A question about the bonding of carbon in the diamond.

Carbon is a group four element that it need to gain four electrons to maintain a stable condition, right? In diamond, the carbon in the diamond will form this bond with another carbon to form a giant covalent structure, right?

Then here comes the question: there will always be the tips (carbon that need to gain more electrons to be stable)that need to be form bonding with the other carbon, right? So how will the 'tips' be maintain a stable condition?

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Hah hah - in other words,

Hah hah - in other words, you've noticed that all the really *interesting* chemistry happens at surfaces. Full marks!

It's much more complicated though, so you generally don't do any till the 2nd year of university...

There's probably some oxygen bonded on at the surface though, something like that (I don't actually know!)


Possibly C—H bonds as

Possibly C—H bonds as well?

I do know that it is no easy

I do know that it is no easy to get the answer. My teacher refused to answer me due to this reason...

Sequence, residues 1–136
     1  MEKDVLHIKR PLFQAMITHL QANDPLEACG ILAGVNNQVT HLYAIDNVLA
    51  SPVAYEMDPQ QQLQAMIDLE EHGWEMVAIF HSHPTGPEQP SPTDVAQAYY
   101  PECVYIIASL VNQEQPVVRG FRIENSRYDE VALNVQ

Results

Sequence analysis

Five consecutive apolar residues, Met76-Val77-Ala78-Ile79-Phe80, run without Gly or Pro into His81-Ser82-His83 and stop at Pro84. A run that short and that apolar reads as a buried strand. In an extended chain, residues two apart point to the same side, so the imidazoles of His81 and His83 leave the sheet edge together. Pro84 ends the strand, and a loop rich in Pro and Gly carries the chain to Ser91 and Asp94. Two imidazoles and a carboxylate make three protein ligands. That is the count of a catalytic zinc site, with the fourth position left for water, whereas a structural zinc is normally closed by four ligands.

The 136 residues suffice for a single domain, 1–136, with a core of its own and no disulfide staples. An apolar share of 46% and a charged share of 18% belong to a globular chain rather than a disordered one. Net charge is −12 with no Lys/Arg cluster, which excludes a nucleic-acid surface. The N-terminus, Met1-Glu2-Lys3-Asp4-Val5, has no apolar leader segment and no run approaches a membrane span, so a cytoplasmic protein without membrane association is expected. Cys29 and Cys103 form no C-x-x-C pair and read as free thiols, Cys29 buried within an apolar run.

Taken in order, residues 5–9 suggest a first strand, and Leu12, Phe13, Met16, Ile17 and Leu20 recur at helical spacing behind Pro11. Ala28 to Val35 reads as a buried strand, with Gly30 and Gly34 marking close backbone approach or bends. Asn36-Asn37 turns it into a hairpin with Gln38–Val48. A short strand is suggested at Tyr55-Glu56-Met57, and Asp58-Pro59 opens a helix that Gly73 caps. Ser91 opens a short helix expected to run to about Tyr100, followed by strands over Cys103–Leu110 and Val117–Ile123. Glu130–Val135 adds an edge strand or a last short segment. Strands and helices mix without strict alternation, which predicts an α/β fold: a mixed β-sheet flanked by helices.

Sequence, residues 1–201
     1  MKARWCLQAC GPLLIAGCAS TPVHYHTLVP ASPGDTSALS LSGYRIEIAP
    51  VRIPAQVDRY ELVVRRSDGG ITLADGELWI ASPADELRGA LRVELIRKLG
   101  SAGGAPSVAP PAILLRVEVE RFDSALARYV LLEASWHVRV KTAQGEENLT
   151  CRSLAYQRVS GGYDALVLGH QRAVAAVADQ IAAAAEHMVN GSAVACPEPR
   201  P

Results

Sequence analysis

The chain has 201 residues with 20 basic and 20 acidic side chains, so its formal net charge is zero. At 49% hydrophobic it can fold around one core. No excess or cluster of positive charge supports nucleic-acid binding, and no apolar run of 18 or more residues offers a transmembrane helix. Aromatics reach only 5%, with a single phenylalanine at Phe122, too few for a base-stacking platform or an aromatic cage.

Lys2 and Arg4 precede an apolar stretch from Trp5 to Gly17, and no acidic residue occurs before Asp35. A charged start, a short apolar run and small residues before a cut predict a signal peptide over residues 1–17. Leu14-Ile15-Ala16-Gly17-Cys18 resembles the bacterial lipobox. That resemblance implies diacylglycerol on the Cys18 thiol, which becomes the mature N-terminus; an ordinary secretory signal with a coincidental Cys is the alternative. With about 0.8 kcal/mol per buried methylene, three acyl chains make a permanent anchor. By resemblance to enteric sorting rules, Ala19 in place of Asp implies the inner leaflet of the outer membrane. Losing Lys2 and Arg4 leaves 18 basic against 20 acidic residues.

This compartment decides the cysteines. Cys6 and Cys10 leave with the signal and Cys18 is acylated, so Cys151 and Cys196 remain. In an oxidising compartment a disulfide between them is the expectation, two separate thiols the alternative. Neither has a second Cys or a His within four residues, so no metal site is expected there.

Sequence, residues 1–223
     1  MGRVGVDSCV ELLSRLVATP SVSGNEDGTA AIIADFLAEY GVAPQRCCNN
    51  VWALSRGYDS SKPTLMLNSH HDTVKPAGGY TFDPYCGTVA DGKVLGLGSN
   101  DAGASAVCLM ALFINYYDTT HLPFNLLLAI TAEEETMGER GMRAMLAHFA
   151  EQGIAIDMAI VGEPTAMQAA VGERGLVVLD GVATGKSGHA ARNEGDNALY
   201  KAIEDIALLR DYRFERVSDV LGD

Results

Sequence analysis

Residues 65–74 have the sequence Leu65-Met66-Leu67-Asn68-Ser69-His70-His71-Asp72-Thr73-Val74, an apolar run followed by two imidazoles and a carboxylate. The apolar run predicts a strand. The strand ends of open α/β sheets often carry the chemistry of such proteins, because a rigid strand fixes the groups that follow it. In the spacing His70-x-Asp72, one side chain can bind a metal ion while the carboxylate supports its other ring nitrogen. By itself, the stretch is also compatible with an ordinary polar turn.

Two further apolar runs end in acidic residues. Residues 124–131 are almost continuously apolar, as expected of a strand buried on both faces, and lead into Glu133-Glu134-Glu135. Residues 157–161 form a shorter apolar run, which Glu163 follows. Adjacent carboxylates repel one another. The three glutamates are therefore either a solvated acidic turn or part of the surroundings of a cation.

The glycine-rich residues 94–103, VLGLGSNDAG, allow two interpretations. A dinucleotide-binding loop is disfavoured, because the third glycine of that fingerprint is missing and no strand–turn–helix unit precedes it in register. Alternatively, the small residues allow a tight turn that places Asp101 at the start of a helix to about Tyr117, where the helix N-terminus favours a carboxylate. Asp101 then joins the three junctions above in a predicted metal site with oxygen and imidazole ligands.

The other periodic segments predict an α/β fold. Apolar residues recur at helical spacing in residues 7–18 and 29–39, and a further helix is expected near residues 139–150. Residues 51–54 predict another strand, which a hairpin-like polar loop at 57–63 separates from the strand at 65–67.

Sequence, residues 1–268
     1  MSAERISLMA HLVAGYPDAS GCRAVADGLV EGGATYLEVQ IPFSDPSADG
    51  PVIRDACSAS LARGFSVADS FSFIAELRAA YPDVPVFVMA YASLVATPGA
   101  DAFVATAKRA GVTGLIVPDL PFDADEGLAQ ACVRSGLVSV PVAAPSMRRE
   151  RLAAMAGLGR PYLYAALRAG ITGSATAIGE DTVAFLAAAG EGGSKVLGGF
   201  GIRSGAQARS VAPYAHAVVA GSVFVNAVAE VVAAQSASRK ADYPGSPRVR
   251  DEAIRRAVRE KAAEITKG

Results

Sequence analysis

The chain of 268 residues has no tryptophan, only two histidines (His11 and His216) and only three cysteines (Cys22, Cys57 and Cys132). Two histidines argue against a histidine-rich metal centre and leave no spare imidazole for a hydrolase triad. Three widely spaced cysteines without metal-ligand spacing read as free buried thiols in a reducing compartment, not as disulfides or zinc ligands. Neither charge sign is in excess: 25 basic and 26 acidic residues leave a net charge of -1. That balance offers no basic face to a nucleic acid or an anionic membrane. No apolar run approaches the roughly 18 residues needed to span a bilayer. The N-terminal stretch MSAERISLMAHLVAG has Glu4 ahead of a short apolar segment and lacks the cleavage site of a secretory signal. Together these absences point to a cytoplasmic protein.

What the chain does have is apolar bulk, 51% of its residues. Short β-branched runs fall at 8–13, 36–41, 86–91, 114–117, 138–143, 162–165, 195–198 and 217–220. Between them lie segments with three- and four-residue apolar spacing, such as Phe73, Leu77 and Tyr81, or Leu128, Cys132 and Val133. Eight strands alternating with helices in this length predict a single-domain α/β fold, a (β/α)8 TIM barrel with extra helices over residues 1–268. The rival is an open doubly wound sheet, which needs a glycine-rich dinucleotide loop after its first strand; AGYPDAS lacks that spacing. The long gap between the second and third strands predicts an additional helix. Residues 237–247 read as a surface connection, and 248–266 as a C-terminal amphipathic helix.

However, I do want to know! That's why I post it here. Is there anybody that can reply this question surely?

Thank you very much for the replies above. I know little more what my question is about.

At university I did some

At university I did some research into nanotechnology and found the answer to this. The terminal C will be bonded to H atoms. So pure carbon?

Diamonds typically

Diamonds typically crystallize in the face-centered cubic crystal system and consist of tetrahedrally bonded carbon atoms. The tetrahedral arrangement of atoms is the source of many of diamond’s properties. The carbon atoms in Graphite, another form of carbon. display a different (nontetrahedral) connectivity and as a result shows dramatically different physical characteristics: graphite is a soft, dark gray, opaque mineral. Other elements of the carbon group such as silicon crystalize like diamond.

WebElements: the periodic table on the WWW [http://www.webelements.com/]

Copyright 1993-20010 Mark Winter [The University of Sheffield and WebElements Ltd, UK]. All rights reserved.